Welcome to part 5 of
And no, that is not a ransom demand by Dr Evil from the "Austin Power's" Movies…
But one from a lot more of a mercenary, quite literally who is responding to a question from someone who looks like Peter Parker in this next recreated page:-
So if you remember from last week, Clay Lacy dropped the apparent real life name of the alter ego of the real life Human Fly as being Rick Rojatt
Well over the next few weeks, we will look into what could be said to support that - the article about Clay Lacy just mentions it as an accepted fact, there is no mention of actually having seen Rick Rojatt in part costume or any other statement that could back up the connection between these two people
The first appearance of Rick Rojatt I have found, actually appears in the letters page of The Human Fly issue 3 (which incidentally features the shark being hit on the nose by the Human Flys baton from the cover of issue 1 in more detail) in a letter from Mitchell Cojocarin - who says:-
"Dear everybody, I just got done reading the fantastic first issue of HUMAN FLY, and I really enjoyed it! Keep up the good work (you, too, Mr Rojatt) and keep 'em FLY ing!"
To which the reply was
Admittedly that seems a bit trivial until one considers that the Human Fly himself both wrote letters that was published in the letters page and met Bill Mantlo and visited the Marvel offices in person (all of which we will see later)
But even the most causal look on the internet for Rick Rojatt turns up a ton of web sites - all to do with The Human Fly
But it appears (at least as far as I can see) one link between the Human Fly and Rick Rojatt was made by none other than Jim Shooter who actually became editor in chief in the middle of the Human Fly run
As per "Rick Rojatt's" Marvel wikia entry:- http://marvel.wikia.com/Rick_Rojatt_(Earth-616)
"The character was based on real-life stuntman Rick Rojatt. The comic-book series carried the tag line "The Wildest Super-Hero Ever — Because He's Real!", and photographs of someone in a Human Fly costume appeared in the comic books. Jim Shooter, Marvel's editor-in-chief at the time, said in 2007 that the photos were indeed of Rojatt."
His real name is given in the Official Handbook of the Marvel Universe A to Z Hardcover Vol. 13."
But then - if you excuse the expression - there is a fly in the ointment with regards to this, that fly being none other than Jim Shooter again who in a Human Fly feature in Tomorrows publishing Back issue 20 who appears to contradict himself:-
"Yes, the editorial people met him, and some of us, at least, knew his secret identity, though I can’t remember it.”
So we will have to look elsewhere for an answer as this by no means definitive and we will continue this next week…
As before I would like to remind you all that the following appears with very kind thanks and much appreciation to Bill Coffin
You can read the entire article here http://www.lifehealthpro.com/2011/11/07/tragic-tale and of course it comes highly recommended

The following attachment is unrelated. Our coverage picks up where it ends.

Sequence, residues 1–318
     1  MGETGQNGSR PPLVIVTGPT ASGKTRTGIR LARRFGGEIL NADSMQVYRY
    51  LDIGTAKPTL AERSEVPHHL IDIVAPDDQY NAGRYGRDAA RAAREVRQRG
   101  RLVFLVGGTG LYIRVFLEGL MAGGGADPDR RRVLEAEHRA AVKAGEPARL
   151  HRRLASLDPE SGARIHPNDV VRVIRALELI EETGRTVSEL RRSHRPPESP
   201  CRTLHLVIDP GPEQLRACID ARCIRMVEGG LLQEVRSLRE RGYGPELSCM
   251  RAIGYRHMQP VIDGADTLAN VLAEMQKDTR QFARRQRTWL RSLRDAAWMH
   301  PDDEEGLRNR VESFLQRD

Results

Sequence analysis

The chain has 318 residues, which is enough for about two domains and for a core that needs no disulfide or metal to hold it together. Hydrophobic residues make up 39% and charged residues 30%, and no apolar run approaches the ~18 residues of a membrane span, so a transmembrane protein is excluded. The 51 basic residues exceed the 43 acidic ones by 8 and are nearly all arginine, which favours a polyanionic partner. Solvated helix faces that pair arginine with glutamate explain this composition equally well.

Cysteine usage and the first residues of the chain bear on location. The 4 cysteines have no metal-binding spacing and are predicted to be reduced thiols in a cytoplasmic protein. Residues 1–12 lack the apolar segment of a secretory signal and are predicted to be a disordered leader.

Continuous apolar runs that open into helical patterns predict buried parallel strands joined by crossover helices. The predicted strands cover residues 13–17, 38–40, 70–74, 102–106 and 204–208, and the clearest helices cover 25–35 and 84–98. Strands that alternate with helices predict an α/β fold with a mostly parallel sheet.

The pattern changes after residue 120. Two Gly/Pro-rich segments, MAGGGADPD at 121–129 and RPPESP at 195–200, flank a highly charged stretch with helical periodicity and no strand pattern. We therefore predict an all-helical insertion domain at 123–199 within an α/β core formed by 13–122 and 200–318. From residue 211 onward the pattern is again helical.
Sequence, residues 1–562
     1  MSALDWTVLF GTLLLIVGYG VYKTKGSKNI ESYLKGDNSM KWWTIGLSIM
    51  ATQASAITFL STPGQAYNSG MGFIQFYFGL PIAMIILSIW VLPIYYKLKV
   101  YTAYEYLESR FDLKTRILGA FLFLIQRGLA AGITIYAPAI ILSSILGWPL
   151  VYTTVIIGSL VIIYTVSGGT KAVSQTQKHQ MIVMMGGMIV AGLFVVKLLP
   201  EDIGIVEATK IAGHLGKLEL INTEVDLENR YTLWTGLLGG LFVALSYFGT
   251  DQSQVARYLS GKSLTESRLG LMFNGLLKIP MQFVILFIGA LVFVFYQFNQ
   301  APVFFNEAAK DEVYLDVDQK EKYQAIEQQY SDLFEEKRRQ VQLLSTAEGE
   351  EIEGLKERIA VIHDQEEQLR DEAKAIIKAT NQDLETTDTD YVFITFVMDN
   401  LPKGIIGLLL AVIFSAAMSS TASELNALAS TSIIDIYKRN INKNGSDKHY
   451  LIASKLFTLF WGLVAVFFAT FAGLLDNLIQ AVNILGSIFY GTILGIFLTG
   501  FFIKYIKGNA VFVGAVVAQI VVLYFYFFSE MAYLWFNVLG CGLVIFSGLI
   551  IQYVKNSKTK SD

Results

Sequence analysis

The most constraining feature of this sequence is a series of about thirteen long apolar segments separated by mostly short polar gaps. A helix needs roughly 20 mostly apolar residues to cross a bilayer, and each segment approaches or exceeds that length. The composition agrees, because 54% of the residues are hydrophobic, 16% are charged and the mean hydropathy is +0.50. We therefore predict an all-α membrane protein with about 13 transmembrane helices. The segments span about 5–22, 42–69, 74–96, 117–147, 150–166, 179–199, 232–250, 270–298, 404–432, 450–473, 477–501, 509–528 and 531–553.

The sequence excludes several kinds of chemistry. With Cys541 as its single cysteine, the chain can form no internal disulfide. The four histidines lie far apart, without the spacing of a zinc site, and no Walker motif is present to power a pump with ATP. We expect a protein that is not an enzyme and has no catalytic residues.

Take it away Bill Coffin!
"After graduating from the Cooper Union School of Art in 1973, Bill scored an internship at Marvel. He started as a gofer and soon began working as a colorist, which was not glamorous, but it got him into the trade.
At that time, comics were produced on an assembly line: a writer wrote a 17-page script which went to a penciller, who would follow the script to draw the panels in light blue non-repro pencil. Then the pages went to an inker, who went over the initial art, cleaning it up and adding light and shadow with black ink. Then it went to a colorist, who would paint the panels and send the page to a letterer, who would hand-write every word of dialogue and exposition. As a rule, the process worked fairly well unless the writer missed the deadline, at which point the whole show would grind to a halt.
In the early 1970s, Marvel was plagued with writers who regularly missed deadlines. Comics rarely came out on time, often running a full month late (or more). This had become a huge problem for Marvel because at the same time, comic sales had shifted from general newsstands to direct-sales specialty shops that would order issues in advance. Not knowing when or if a certain issue would be in was cause to withhold orders, and Marvel was feeling the hurt in a big way from that.
Bill’s big writing break came in 1974, when a writer had missed his deadline for an issue of Deadly Hands of Kung-Fu. Bill offered to write the issue on the spot, and quickly turned in a script that saw publication and landed him a gig writing Deadly Hands full-time. Deadly Hands was a minor title on the verge of cancellation anyway, but Mantlo did not care, and he took the job, and its deadlines, seriously.
Shortly afterward, Marvel mandated that all ongoing titles would have fill-in stories written in advance and held in reserve just in case the regular writer blew a deadline. Many of these fill-in jobs went to Bill, who became known for his utter reliability and a knack for turning out stories quickly, even overnight. Most of the titles he worked with were minor ones, like Deadly Hands, but eventually he got a chance to work on larger titles, such as Marvel Team-Up, Iron Man and Peter Parker, the Spectacular Spider-Man. At the same time, he also became the go-to guy for writing stories for properties Marvel had licensed, such as movie and television adaptations."
NEXT WEEK: The "Quest" for Rick Rojatt continues and yet more Tragic Tale!